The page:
Rather than contending that the police officers had probable cause to arrest Sherrill, the Government seeks to justify Sherrill's seizure and detention under Michigan v. Summers, 452 U.S. 692, 101 S.Ct. 2587, 69 L.Ed.2d 340 (1981). In our view, however, Summers does not apply. In Summers, the Supreme Court held that police officers, armed with a valid warrant to search a house, properly detained a resident of the house that the officers encountered walking down the front steps. The minor intrusiveness of detaining a resident in his home is outweighed by the law enforcement interests in: (1) preventing flight if incriminating evidence is found; (2) minimizing the risk of harm to the officers from violent residents; and (3) conducting an orderly search with the resident's help in unlocking doors and containers. See id. at 701-03, 101 S.Ct. at 2593-95; United States v. Hogan, 25 F.3d 690, 693 (8th Cir.1994). Here, because Sherrill had already exited the premises, the intrusiveness of the officers' stop and detention on the street was much greater. See Hogan, 25 F.3d at 693. In addition, although Sherrill did help the officers conduct the search, when the officers stopped Sherrill, the officers had no interest in preventing flight or minimizing the search's risk because Sherrill had left the area of the search and was unaware of the warrant. See id. Thus, we decline the Government's invitation to extend Summers to the circumstances of this case. See United States v. Boyd, 696 F.2d 63, 65 & n. 2 (8th Cir.1982) (refusing to extend Summers to stop of defendant's car several blocks from home), cert. denied, 460 U.S. 1093, 103 S.Ct. 1794, 76 L.Ed.2d 360 (1983).
Although the police officers may not have believed that they had probable cause to arrest Sherrill, and indeed, did not apply for an arrest warrant when they applied for the search warrant, we believe the objective facts of the case reveal that probable cause existed. See Abadia, 949 F.2d at 959 n. 14 (because whether probable cause existed is objective question, officer's subjective beliefs are not controlling); United States v. Jones, 990 F.2d 405, 408 (8th Cir.) (reviewing court is not limited by detaining officer's subjective opinion in deciding whether reasonable suspicion to detain luggage existed), cert. denied, --- U.S. ----, 114 S.Ct. 350, 126 L.Ed.2d 314 (1993). Probable cause to make a warrantless arrest exists when police officers have trustworthy information that would lead a prudent person to believe that the suspect has committed a crime. United States v. Horne, 4 F.3d 579, 589 (8th Cir.1993), cert. denied, --- U.S. ----, 114 S.Ct. 1121, 127 L.Ed.2d 430 (1994). In reviewing whether probable cause existed, we base our decision on the totality of the circumstances, giving due weight to the inferences police officers could draw from their general experience. United States v. Wilson, 964 F.2d 807, 809 (8th Cir.1992).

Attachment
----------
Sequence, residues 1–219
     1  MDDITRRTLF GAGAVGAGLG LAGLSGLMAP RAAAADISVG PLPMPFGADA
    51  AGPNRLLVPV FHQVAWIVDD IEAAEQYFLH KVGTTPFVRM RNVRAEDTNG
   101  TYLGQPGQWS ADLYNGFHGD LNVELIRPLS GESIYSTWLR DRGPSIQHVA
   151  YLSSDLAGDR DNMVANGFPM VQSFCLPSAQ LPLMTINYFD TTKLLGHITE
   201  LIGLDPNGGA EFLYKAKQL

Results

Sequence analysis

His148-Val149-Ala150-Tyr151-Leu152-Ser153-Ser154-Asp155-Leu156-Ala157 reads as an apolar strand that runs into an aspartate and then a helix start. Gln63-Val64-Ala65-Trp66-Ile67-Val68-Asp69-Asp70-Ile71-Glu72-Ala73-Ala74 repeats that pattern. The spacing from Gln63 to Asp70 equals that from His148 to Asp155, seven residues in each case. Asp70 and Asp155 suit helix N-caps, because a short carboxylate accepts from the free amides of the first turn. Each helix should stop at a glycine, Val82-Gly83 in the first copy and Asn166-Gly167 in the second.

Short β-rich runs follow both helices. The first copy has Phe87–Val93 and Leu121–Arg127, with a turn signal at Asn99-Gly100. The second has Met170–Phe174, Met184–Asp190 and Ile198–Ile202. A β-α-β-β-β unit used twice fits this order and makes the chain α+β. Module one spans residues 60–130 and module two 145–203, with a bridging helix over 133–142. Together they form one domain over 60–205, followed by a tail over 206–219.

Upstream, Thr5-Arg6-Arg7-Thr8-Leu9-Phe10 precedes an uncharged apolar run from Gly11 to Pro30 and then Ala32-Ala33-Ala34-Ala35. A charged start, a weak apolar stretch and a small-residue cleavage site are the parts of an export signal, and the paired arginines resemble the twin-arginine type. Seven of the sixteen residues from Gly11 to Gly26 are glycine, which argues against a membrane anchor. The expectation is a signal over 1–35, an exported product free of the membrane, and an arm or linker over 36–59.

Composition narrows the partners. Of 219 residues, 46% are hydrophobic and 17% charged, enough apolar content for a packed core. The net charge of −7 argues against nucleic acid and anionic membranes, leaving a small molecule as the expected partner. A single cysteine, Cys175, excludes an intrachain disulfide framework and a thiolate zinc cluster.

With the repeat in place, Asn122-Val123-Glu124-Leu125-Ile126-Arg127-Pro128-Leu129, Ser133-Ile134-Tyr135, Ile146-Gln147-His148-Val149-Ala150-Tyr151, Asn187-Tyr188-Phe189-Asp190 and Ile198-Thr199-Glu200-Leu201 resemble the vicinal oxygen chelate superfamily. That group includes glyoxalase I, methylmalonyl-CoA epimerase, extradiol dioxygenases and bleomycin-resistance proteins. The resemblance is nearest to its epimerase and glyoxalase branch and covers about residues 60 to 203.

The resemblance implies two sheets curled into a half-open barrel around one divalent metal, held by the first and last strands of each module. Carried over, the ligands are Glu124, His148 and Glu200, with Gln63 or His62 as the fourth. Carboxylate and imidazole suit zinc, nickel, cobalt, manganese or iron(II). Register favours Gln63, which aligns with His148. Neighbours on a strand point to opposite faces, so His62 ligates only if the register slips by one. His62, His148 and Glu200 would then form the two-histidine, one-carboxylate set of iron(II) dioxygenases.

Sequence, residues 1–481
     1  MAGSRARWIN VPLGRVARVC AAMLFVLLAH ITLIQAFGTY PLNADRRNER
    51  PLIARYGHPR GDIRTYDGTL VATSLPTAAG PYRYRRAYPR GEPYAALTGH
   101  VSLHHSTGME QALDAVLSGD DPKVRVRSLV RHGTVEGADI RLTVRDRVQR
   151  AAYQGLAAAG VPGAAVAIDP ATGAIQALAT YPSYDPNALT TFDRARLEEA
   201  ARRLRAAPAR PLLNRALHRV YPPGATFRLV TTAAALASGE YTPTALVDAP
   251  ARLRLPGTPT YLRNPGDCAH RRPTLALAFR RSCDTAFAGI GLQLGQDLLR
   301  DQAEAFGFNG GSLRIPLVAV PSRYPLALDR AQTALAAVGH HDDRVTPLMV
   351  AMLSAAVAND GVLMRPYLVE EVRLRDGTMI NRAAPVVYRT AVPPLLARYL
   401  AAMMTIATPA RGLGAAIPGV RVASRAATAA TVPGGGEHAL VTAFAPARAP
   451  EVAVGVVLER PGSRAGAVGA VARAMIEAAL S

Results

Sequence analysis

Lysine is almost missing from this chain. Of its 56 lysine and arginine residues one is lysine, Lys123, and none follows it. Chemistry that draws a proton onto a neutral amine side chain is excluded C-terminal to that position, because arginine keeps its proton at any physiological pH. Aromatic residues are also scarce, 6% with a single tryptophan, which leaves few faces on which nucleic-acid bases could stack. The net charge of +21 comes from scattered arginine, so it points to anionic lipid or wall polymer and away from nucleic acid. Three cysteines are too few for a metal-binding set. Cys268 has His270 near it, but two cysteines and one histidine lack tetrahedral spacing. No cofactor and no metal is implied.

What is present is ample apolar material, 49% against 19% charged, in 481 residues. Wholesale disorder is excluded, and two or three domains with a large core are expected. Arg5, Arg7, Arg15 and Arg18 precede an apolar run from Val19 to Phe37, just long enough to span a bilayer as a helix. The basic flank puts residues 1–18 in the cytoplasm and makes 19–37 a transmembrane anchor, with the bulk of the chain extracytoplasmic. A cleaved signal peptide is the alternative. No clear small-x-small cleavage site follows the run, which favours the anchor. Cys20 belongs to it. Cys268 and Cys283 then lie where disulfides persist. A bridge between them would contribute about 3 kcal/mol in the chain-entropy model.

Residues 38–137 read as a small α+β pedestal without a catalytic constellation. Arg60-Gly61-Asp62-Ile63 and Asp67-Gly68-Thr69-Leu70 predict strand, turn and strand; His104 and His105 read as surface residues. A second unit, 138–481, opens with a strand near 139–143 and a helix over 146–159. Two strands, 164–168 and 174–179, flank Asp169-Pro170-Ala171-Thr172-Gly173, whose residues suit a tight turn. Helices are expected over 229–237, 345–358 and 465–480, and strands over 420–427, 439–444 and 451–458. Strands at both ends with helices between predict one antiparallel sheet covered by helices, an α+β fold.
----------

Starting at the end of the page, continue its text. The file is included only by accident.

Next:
In this case, when the officers stopped Sherrill, the police knew from a confidential informant that Sherrill had been dealing crack from his home and had sold crack within the past twelve hours. The informant was a reliable source, having earlier provided accurate information that resulted in several other arrests and convictions. See Abadia, 949 F.2d at 959-60. The police also substantially corroborated the informant's tip by independent investigation. See Horne, 4 F.3d at 589; Wilson, 964 F.2d at 809-10. The police observed unusual pedestrian traffic consistent with drug sales both at Sherrill's residence and a dwelling that Sherrill often visited. Based on the totality of the circumstances, we conclude probable cause existed to arrest Sherrill at the time the officers stopped him in his car. Because Sherrill was legally arrested, the crack and cash discovered in a later search of his person was legally seized as a search incident to arrest. Thus, the district court properly denied Sherrill's motion to suppress the evidence.
We reject Sherrill's contention that the police officers conducted their warrant search at night in violation of Federal Rule of Criminal Procedure 41(c)(1). Because the search was conducted entirely by state police officers, this federal rule does not apply to Sherrill's case. United States v. Maholy, 1 F.3d 718, 721 n. 4 (8th Cir.1993). We also conclude the district court did not abuse its discretion in admitting the photos that depicted Sherrill with tools of the drug trade. See United States v. Helmel, 769 F.2d 1306, 1318 (8th Cir.1985).
Accordingly, we affirm.